Tipping Guide for Good and Bad Service from an Ex-Waitress

by Jamie Simmerman · 1,649 comments

Waitress getting tipped for good service

When we go out to eat, my husband always asks, “How much should I tip?” It seems as though this flexible figure stymies many patrons, especially when the service is above average or far less than stellar.

As a former waitress and hostess, I can honestly say that dealing with the hungry public can be challenging and exhausting, and that servers deserve far more than the reduced minimum wage plus tips the government says they’re worth. With more and more people seeking second jobs or temp work to boost their incomes, this issue is more important now than in previous years.

How do you determine how much to tip?

Here are a few basic guidelines to help you out:

Tipping Guide for Good and Bad Service

  •  The general rule of thumb (for me) is to round the bill up to the nearest $10, and leave 20%. This is easy to calculate, and it rewards servers for good service. I know many people claim 15% is adequate, but keep in mind that your server is making just over $2 an hour without tips to run him- or herself ragged. Go ahead and splurge for the 20%. You’ll make your server feel good, and you’ll get great service when you return to the restaurant.
  •  If you receive poor service, don’t leave without providing a tip. Believe me, a $1 tip will be noticed much more than no tip, since your server may think you just forgot. Before you leave a lower tip, however, try to take into consideration the staffing and patron level in the restaurant, and remember that your server may just be having a bad day. Leaving a pleasant note of encouragement, or a decent tip, may be enough to turn their day around.
  • Include a kind word and a smile with every tip and try to clean up after yourself as much as possible. If my kids leave food on the floor or sticky messes on the table, I ask for a dustpan or a wet cloth to return the table to its condition prior to our arrival. You never know if your server will turn out to be your next door neighbor, a single mom, a volunteer firefighter, or your child’s teacher, so treating them with kindness and respect is a required part of every tip.
  • If you receive truly awful service, talk to your server. If the service doesn’t improve after communicating your needs and failed expectations, then ask to speak to a manager. Never go straight to the boss with your complaints when there’s a possibility of rectifying the situation one-on-one.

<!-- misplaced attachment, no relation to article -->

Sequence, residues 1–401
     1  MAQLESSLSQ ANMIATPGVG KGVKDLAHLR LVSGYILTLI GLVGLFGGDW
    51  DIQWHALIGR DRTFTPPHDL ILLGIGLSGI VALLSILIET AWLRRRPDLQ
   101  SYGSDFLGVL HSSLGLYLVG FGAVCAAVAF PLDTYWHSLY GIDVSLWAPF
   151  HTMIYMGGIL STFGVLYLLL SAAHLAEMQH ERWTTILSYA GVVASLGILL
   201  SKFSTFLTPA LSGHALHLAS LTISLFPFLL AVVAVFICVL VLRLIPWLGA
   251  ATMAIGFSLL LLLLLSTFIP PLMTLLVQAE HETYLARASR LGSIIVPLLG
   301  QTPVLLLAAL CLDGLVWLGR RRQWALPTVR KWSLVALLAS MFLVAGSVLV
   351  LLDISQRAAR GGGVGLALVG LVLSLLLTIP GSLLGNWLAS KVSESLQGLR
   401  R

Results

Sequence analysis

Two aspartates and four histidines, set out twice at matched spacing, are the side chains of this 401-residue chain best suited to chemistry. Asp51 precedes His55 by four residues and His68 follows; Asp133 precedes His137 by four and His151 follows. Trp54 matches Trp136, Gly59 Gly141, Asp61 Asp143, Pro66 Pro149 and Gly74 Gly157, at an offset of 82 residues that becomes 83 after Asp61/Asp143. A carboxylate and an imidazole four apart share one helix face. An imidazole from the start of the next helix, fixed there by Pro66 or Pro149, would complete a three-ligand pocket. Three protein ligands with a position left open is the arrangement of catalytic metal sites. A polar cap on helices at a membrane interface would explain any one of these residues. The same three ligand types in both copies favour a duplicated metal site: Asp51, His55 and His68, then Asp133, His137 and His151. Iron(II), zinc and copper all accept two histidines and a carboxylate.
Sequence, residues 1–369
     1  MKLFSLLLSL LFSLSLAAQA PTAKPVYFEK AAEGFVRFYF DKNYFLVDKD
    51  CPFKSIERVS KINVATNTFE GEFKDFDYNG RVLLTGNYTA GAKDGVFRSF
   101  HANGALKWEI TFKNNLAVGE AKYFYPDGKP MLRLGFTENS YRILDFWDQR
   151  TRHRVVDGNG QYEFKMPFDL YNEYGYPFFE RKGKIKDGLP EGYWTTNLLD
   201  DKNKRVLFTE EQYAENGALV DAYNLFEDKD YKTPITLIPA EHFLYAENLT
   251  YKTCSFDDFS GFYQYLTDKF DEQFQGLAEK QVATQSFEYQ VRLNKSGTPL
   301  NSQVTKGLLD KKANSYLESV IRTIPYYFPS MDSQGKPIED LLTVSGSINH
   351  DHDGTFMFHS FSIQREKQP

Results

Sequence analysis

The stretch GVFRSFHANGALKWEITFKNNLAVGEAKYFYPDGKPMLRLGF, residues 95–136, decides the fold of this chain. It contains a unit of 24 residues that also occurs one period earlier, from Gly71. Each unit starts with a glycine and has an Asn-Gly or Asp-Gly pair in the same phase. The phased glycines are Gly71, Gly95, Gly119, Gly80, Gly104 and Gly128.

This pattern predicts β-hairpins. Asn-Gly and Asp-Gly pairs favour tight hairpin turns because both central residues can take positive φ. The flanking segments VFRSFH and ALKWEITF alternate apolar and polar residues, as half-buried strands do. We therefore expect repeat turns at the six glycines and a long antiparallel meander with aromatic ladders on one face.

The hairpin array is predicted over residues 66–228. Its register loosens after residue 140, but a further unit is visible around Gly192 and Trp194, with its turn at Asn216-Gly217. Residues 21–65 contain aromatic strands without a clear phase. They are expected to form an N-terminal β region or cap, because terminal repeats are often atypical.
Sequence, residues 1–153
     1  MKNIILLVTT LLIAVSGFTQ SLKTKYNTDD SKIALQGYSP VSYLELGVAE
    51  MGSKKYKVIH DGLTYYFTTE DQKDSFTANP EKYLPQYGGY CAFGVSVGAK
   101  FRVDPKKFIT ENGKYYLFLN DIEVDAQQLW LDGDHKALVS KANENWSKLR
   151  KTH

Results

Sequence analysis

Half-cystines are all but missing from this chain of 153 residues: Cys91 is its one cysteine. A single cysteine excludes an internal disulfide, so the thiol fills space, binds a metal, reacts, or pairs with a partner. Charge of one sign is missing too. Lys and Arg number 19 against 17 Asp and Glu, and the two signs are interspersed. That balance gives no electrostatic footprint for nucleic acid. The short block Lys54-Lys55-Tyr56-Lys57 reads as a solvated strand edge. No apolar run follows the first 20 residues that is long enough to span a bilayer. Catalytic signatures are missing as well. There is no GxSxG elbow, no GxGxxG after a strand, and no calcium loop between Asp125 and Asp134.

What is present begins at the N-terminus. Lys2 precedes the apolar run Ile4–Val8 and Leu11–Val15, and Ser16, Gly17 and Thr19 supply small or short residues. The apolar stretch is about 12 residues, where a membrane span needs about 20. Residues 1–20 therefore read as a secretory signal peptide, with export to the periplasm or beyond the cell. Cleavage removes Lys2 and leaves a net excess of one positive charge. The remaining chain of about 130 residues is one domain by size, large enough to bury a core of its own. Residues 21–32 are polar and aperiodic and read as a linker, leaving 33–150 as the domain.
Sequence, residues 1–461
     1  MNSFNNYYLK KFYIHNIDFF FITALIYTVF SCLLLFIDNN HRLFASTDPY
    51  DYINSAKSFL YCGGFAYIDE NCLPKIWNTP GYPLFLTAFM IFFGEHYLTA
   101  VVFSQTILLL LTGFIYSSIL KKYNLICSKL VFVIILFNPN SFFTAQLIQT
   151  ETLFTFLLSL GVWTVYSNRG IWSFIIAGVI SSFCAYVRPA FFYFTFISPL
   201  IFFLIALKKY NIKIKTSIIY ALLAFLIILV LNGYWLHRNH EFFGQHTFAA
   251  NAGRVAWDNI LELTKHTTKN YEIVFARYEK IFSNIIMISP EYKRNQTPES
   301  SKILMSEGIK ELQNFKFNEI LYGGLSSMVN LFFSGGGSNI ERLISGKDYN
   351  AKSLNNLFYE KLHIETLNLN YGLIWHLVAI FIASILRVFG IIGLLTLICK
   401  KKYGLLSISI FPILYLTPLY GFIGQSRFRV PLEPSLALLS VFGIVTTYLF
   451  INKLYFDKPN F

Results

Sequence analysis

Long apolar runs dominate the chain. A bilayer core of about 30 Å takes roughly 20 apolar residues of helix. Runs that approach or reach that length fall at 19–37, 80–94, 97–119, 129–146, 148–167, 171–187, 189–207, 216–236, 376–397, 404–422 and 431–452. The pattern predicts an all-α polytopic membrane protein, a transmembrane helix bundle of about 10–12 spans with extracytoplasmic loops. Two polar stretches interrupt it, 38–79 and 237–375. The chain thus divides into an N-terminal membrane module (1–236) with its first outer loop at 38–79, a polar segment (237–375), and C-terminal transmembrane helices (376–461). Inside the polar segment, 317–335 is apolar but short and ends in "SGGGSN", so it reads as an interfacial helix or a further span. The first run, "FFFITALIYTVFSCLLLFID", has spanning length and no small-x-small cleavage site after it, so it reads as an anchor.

• Don’t skimp on tips in order to save money! If you can’t afford to tip adequately, choose someplace less expensive or opt for an establishment where you’ll serve yourself.
  • If your server only brings your drinks, or the food is served buffet-style, it’s appropriate to leave a lesser tip, but 10-15% still applies.
  • If your chosen establishment includes a bartender, hostess, bus boy, or other additional serving staff, keep in mind that your server will probably have to share tips with these other members of the wait staff, as well. In this case, it’s best not to tip solely on the performance of one staff member.

While it’s important to live frugally and pinch pennies when possible, tipping is not an area in which you should be trimming your budget. If you’re going to eat out, an adequate tip is a standard part of the bill.

Do you agree? How do you determine what to tip for good or bad service? You may also want to hear other people’s opinions on tipping, as we’ve discussed this topic before both here and here.

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{ 1649 comments… read them below or add one }

Waldaddy September 8, 2014 at 12:09 pm

The article is ridiculous, maybe the waitress had a bad day and isn’t up to doing a good job so we should be considerate and clean up after ourselves. Are you kidding me, if i do that at my job i would be fired. Waitresses are mostly over paid for what they do. I worked in restaurants in my college days as a cook and a dishwasher and i know that i worked a lot harder then waitresses are ever expected to work for less than waitresses make with tips and we have to be accountable to everyone. Also waitresses don’t pay taxes on what they earn above minimum wage. Also the article say’s it inst the waitresses fault it they give me bad service because of staffing issues so we should still tip well. That is wrong, i go out to eat and to be served well and it is the restaurants job to provide that or l will not be back and everybody loses when that happens.


oktipper September 9, 2014 at 8:46 am

You are joking right?
Your hourly pay is not the customers concern.
Staffing and patron levels should be managed. This should not be a consideration by the customer.
It is not the customers job to clean up after themselves.
Also not the customers responsibility to talk with servers about bad service. You should be trained.


Monica September 18, 2014 at 10:41 am

1) If “more and more people (are) seeking second jobs or temp work (as wait staff) to boost their incomes”, that is a reason to reduce compensation, not increase it. The law of supply and demand applies;

2) The general rule of thumb (for me) is to leave 10%. This is easy to calculate, and it rewards servers for good service.

3) Don’t rely on tips in order to make money! If you can’t afford to work for your salary, choose a different line of work or opt for an establishment that pays a living wage.

“keep in mind that your server is making just over $2 an hour without tips”: nonsense, that is simply untrue in any civilized country.


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